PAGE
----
Although the Tacoma is the smaller of the two trucks, it can still get the job done when it comes to towing, thanks to its ability to haul up to 3,500 pounds. If you need more towing capacity but still prefer the truck's smaller profile, you can get the Tacoma with the larger engine size, which can tow up to 6,800 pounds. Despite being the smaller of the two, the Tacoma's payload isn't that far behind that of the Tundra, which can carry up to 1,620 pounds. 

Comparing the Tacoma's power with the Tundra's power, the Tundra wins when it comes to towing large loads. The smaller-engine version can haul the same as the Tacoma's larger engine, up to 6,800 pounds. Swap out the base model engine for its more muscular counterpart, and it's ready to tow up to 10,200 pounds. On top of that, it has a payload of 1,730 pounds.

In short, if you're looking to transport your off-road vehicles or boat, the Tacoma may be the right choice for you. But if you're looking for a truck to use on the farm or job site, the Tundra is your best bet.

2015 Toyota Tundra SR (from $27,650)

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Which is more fuel efficient, the Tacoma or the Tundra?

Since it’s a small truck that runs on a smaller engine, the Tacoma is slightly more fuel-efficient than the Tundra. The smaller 2.7-liter, four-cylinder engine has a fuel efficiency of 20 mpg in the city and 23 mpg on the highway. Despite the size difference, the larger 3.5-liter V6 gets similar gas mileage: 17 mpg in the city and 21 mpg on the highway.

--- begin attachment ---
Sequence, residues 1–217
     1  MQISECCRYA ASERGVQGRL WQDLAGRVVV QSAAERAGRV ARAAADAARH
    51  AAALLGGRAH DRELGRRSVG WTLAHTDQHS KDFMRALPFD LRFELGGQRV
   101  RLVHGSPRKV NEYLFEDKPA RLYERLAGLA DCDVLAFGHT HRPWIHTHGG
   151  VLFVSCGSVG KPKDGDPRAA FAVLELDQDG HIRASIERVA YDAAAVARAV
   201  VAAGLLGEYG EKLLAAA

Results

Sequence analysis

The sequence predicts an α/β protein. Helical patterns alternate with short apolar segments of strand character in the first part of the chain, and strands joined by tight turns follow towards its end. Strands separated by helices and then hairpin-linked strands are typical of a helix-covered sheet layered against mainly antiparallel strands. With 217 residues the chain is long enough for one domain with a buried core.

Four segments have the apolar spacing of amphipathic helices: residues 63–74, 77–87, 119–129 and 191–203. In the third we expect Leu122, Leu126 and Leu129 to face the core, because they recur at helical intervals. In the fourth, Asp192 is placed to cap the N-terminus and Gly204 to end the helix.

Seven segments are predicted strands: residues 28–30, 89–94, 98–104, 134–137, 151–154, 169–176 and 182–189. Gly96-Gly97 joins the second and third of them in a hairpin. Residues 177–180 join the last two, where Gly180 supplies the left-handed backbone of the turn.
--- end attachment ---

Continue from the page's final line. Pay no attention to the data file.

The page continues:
The Tundra isn’t too far off, but it is slightly less fuel-efficient given its massive size. The smaller 4.6-liter V8 makes for a fuel efficiency of 15 mpg in the city and 19 mpg on the highway. The larger 5.7-liter V8, however, gets 13 mpg in the city and 17 mpg on the highway. In a nutshell, the Tundra is a workhorse.

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How does the Tacoma’s interior space compare to the Tundra’s?

Both the Tacoma and the Tundra come in two cab sizes. The Tacoma offers an access cab and a double cab. Ideally, you won't sit your friends or coworkers in the back of the access cab. Even though it does have seats, they're better suited for small children or pets. The double cab, however, offers more legroom for full-size adult passengers. It's a worthwhile upgrade if you're looking to seat up to five people.